A Comcast sign is visible outside its customer care center June 9, 2004 in Romeoville, Ill.
Susan Crawford from Cardozo School of Law joins us once again to pick through the finer points of these conditions, especially as they relate to Internet access. The government has mandated that the new company make standalone Internet service available to 2.5 million low-income households for $10 a month and that they offer hardware (PCs, netbooks) to these same households for less than $150. The conditions also call for the company to offer standalone Internet access to everyone else for $50 a month. The idea is to separate high speed broadband from cable television and ensure that the new company delivers content with equal priority whether its coming through a cable or the Internet.
We also talk to Molly Wood, executive editor at CNET. She fills us in on the TV side of the discussion. Molly says the new company will be required to make its programs available to Hulu or any other video services out there that are serving up other shows. NBC Universal has a large stake in Hulu, but given that Hulu could be seen as a competitor to cable, the new company will be obliged to stay with Hulu but in a silent capacity.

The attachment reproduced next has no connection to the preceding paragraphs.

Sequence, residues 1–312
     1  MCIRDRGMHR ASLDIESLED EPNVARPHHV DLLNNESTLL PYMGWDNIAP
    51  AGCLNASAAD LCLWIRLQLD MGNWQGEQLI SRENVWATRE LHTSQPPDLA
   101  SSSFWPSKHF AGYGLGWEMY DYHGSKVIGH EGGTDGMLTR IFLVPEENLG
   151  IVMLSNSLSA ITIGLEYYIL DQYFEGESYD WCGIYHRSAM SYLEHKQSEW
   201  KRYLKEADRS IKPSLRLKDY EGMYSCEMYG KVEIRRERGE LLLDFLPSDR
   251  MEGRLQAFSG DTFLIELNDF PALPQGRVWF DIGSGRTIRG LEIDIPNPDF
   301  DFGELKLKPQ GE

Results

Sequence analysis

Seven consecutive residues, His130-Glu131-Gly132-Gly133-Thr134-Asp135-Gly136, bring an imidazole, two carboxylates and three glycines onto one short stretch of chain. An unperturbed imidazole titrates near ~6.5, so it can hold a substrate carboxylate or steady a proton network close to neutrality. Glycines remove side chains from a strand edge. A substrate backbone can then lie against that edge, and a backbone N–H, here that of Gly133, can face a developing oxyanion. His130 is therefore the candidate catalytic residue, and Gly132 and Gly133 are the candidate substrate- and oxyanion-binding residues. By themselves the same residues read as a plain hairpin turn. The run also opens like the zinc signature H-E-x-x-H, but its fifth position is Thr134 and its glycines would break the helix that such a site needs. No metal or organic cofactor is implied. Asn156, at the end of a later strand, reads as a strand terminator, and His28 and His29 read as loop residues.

Molly Wood cautions that while these provisions provide a lot of protection for TV watchers in the near term, they only cover extant technologies. If someone comes up with something brand new (had you heard of Hulu five years ago? Or YouTube 10 years ago?), Comcast/NBC/Universal can do what it wants.
Also in this program, we learn a new tech vocabulary word: "Max Lols", short for "maximum laughs out loud". The hacking of an AT&T database last summer was apparently motivated not by greed or nefarious criminal plotting, but by the desire for max lols.